SPP

0.43

0.17

0.19

0.27

0.30

1.36

31.6%

WSCC

1.09

0.16

0.16

0.27

0.32

2.00

54.5%

Average

0.70

0.37

0.18

0.31

0.38

1.94

36.1%

Source:"1997 Electricity Price and Production Cost Report," Donaldson, Lufkin & Jenerrette, Oct. 1998, pp. 36-47.
"UNINTENTIONAL" DEPRECIATION INCREASES". The estimated lifetimes during which the investment in most power plants is depreciated are based upon unsupportable concepts and engineering estimates. Life extension programs (or "plant optimization programs") implemented during the past 20 years have extended plant service lives well beyond the finite and typical depreciation lifespans of 30 to 40 years.

Studies on the impacts of life extension programs in the 1980s by Edison Electric Institute, the Electric Power Research Institute and the U.S Department of Energy recognized that plans were being used longer (see ‘Extended Lifetimes for Coal-fired Power Plants: Effect Upon Air Quality," James DeMocker, Judith Greenwald and Paul Schwengels, Public Utilities Fortnightly, March 20, 1986, pp. 30-37). A followup study performed for the California Energy Commission showed that of 172 plants considered for life extensions, repowering or retirement, only 14, or 8.14 percent, actually were retired (see "Acid Rain Impacts on Utility Plans for Plant Life Extension," Jill S. Baylor, Public Utilities Fortnightly, March 1, 1990, pp. 22-28).

 

Our firm has completed a study using actuarial methods that confirms these trends have continued. When adjusted for the interim retirement experience, the average service life (not lifespan) of assets in steam power plants is generally 45 to 55 years. The average service life for assets in hydro facilities is much longer.4 The use of 30-to-40 year lifespans, rather than the more realistic 45-to-55-year average service lives of equipment, has led to unintentional increases in depreciation rates. This effect would be reflected in the stranded-cost recovery method proposed by Hirst.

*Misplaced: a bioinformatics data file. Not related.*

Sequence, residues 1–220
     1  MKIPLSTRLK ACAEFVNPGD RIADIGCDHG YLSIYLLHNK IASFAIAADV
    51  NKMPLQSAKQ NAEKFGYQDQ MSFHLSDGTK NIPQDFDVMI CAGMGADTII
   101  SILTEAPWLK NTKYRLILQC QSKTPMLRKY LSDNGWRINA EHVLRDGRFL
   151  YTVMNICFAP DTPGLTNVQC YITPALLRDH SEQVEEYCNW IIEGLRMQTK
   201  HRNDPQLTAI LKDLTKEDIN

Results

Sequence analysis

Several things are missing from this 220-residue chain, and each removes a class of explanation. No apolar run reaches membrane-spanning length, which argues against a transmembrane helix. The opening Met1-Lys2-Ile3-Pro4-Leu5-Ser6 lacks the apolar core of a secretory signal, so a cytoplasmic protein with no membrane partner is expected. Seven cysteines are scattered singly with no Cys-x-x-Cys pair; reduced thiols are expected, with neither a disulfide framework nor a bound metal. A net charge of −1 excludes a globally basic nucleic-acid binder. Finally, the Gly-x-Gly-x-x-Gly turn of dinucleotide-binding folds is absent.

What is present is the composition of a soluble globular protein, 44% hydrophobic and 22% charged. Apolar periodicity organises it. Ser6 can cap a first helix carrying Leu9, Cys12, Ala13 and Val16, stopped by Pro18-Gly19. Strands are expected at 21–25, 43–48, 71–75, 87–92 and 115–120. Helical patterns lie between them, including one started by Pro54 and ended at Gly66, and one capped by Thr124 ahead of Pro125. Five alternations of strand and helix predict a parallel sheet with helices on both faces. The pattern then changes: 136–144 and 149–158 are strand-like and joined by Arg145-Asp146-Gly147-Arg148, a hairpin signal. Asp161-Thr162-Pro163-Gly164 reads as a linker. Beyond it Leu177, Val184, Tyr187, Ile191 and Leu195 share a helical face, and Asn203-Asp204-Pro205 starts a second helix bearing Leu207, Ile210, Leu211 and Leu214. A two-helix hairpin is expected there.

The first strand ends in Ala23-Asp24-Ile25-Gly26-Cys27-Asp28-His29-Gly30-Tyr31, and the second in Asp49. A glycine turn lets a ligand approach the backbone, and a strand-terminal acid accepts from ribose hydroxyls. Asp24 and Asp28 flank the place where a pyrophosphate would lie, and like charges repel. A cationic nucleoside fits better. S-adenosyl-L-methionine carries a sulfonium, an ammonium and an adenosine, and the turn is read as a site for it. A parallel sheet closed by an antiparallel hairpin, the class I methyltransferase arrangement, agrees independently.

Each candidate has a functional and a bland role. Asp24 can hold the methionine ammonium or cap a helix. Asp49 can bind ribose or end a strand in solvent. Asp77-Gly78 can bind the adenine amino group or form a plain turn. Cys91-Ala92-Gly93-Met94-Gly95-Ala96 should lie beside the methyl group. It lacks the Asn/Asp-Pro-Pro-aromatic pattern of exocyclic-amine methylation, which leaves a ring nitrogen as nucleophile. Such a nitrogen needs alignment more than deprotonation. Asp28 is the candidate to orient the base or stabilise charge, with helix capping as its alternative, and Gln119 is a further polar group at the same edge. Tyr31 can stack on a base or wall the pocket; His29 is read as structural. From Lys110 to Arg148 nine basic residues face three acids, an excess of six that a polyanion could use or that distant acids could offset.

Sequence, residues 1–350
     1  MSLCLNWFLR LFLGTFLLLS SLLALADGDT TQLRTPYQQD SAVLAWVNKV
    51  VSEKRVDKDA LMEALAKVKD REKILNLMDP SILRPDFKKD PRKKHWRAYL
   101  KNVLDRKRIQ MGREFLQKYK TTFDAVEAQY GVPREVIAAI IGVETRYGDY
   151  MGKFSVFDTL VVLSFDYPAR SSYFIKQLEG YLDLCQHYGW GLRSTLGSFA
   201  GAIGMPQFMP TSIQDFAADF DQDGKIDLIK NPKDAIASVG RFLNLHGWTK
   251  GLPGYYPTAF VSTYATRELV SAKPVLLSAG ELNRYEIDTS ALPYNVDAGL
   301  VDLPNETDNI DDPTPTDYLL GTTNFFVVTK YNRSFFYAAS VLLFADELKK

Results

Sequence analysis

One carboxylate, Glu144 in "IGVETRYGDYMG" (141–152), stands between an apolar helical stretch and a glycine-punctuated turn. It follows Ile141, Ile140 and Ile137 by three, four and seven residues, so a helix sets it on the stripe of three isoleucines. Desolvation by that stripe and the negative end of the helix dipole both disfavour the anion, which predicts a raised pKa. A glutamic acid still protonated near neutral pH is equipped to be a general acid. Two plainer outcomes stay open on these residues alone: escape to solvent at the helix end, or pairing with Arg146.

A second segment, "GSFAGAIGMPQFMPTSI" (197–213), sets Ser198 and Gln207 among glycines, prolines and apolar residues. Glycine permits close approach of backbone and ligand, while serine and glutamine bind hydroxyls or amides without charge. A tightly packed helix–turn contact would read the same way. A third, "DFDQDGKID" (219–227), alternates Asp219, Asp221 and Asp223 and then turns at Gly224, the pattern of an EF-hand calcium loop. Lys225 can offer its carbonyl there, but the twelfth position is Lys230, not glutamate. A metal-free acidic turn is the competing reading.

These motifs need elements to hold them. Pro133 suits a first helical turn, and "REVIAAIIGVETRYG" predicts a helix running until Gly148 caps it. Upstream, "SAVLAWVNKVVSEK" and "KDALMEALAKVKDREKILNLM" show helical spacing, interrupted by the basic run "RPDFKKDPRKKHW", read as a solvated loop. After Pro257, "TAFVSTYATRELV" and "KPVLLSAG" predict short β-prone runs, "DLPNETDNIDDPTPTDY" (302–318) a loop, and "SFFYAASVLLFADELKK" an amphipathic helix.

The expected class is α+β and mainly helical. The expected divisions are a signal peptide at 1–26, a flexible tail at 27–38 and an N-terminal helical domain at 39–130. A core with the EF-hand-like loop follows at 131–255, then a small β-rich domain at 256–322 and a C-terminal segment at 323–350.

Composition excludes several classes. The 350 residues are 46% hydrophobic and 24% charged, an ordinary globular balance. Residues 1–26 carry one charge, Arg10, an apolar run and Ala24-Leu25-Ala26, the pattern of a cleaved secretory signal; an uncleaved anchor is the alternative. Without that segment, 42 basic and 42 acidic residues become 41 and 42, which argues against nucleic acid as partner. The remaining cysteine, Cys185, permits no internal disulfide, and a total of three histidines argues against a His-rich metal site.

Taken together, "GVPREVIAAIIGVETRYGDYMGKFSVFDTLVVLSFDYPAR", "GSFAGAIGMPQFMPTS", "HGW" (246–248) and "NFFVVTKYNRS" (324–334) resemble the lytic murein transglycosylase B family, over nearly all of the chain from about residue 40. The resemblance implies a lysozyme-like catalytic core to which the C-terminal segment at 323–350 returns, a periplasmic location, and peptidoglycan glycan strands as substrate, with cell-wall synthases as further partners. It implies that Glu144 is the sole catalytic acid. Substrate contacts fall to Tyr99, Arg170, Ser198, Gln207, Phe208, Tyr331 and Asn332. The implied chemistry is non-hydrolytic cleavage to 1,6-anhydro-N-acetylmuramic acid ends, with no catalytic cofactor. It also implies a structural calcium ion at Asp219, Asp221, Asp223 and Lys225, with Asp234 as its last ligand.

INFLATED DISMANTLEMENT COSTS. Additional excessive depreciation comes from the exaggerated view many utilities take of exposure to the cost of dismantling non-nuclear power plants. The utilities assume that they will be obliged to dismantle each plant to "greenfield" status—its original condition—when the present generating units retire.

Estimates of $30 to $100 per kilowatt in current dollars are commonly incorporated into depreciation rates.5 These dismantlement costs are added to the capital to be recovered through depreciation. They’re charged as a cost of service to current ratepayers. When utilities file cash flow estimates of stranded costs, these amounts are further inflated to future dollars and added to their calculations (the big number at the end of the artificially shortened life of the plant).

The reality is that most fossil plants won’t be dismantled when the present generating units are retired and few, if any, hydro plants will be dismantled at the end of their license period.6 Typically a steam plant containing retired units have units continues on, either with new or repowered steam units or as the site for peaking turbines.

There have been 67 large (over 50 megawatts) steam units retired during the past decade. Very few have been dismantled. None has involved costs remotely approaching those incorporated into depreciation rates by some utilities.